Posted: April 10, 2018 3:20 PM

Navy Researchers Stress Accelerating Innovation

By PETER ATKINSON, Deputy Editor

NATIONAL HARBOR, Md. — In naval research, speed matters, and a panel of Naval Research Enterprise (NRE) leaders outlined the efforts being taken to accelerate innovation and move technology out of the lab and into programs of record a faster pace at the Sea-Air-Space Exposition April 10.

Speaking at the NRE booth on the show floor, officials from the Office of Naval Research (ONR), Naval Research Laboratory and the ONR-Global Program noted the transformation that has gone on within the enterprise since Rear Adm. David J. Hahn came onboard as chief of naval research and director of innovation, technology requirements, and test and evaluation in 2016.

During that time, the enterprise has developed a new research and development framework and “realigned how we operate,” according to Dr. David Walker, portfolio director at ONR who served as moderator. An overarching goal is to determine where there are opportunities to “push technologies out to the field as quickly as possible.”

Current technologies that have become the focus of this effort include laser/directed-energy systems, power solutions, integrating autonomous systems and “what will the future be for artificial intelligence,” he said.

Though the presentation was billed as a “question and answer” session, panelists outlined their specific areas within the enterprise and how this transformation was impacting the work they do.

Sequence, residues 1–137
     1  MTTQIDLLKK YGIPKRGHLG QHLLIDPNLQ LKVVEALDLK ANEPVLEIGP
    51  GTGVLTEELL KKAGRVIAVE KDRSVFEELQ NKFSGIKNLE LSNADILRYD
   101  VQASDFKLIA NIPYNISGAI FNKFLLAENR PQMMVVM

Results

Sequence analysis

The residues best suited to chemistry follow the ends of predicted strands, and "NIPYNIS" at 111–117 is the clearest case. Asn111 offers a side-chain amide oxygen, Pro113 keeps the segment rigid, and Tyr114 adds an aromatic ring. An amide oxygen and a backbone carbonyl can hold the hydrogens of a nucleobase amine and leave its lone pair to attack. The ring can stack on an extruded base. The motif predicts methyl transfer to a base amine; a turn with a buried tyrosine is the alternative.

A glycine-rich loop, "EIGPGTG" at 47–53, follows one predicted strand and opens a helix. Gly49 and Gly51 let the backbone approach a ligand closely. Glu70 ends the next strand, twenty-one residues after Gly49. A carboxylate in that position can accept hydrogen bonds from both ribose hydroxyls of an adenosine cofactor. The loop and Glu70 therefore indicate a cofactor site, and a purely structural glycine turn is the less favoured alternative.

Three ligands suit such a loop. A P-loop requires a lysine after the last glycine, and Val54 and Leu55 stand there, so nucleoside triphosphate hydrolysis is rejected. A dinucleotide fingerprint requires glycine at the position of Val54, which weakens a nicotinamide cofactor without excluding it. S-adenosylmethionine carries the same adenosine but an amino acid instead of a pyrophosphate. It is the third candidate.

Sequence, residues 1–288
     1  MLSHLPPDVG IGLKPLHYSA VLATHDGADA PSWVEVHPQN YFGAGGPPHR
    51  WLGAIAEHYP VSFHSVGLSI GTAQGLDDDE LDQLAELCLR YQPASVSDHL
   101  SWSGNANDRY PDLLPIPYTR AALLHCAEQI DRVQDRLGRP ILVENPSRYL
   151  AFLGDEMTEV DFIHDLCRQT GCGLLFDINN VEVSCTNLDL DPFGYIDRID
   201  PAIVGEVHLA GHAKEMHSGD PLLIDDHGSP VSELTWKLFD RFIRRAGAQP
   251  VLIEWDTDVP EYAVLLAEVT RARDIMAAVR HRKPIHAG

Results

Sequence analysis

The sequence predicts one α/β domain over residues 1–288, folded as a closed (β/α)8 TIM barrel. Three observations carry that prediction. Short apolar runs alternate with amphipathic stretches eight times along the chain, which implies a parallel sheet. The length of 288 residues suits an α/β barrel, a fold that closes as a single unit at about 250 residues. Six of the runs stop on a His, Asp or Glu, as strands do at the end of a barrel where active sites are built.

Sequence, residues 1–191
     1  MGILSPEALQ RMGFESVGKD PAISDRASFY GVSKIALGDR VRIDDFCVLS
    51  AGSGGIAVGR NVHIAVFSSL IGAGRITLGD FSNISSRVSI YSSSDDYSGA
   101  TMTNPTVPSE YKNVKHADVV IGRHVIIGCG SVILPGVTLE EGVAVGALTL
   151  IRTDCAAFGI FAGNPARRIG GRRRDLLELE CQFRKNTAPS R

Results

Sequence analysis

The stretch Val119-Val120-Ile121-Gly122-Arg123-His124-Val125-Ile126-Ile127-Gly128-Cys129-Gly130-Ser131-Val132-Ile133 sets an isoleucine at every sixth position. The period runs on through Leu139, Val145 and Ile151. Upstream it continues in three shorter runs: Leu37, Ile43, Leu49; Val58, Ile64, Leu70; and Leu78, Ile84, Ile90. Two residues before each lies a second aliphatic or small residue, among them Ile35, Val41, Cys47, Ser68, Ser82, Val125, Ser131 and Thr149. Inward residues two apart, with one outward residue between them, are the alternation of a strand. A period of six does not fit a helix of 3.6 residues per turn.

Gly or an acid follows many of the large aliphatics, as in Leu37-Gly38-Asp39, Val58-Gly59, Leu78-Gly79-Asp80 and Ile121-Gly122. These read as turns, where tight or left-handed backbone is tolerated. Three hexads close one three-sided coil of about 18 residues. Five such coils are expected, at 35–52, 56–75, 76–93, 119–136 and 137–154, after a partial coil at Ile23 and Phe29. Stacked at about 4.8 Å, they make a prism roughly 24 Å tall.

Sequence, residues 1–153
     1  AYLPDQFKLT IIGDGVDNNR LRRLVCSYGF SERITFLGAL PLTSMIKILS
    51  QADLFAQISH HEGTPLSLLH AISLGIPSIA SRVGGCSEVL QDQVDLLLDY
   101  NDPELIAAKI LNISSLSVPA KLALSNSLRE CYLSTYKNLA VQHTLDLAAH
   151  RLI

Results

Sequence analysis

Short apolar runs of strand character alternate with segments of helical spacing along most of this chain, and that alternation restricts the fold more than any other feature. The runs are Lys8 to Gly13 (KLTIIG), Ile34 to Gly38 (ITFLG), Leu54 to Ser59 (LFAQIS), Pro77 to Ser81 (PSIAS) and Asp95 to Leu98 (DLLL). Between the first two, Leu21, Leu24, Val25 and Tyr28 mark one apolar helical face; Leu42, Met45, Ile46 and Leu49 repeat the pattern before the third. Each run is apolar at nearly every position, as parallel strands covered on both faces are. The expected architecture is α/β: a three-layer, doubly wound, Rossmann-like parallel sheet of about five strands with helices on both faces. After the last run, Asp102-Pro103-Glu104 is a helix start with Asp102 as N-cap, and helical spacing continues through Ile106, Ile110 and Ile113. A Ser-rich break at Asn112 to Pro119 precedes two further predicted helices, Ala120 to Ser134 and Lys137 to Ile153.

While Capt. Scott Moran, commanding officer of ONR, noted that his office’s mission was to “work with the Navy and Marine Corps to maintain their technological edge.” He said ONR was planning on ramping up partnership opportunities with industry to deliver technology faster.

From a more international perspective, Capt. Kevin Qauderer, commanding officer of ONR-Global outlined his office’s engagement efforts aboard with goal of determining “where is the best science. … Partnerships are a core mission with us,” he said.

Patricia Gruber, technical director at ONR-Global, expanded on that by noting that “a lot of money is being spent on S&T [science and technology] and R&D [research and development], and a lot of it is being spent outside the United States. We want to start reversing that equation. We want to be out there looking for the best science and good people working on relevant solutions for the Navy.”

Part and parcel with that is looking for new ways for addressing problems and different ways for thinking about solutions, something that international partnerships often provide. That overall approach, she said, “really advances science in meaningful ways.”

As chief scientist at ONR, it’s Paul Zablocky’s job to plan out its portfolio of research proposals and determine “where to invest to fill the holes and gaps that exist today.” While speed remains of the essence, he took something of a longer term view, noting that some investments made to advance technology in such things as lasers and robotics during the 1950s and ‘60s were just starting to pay off today.

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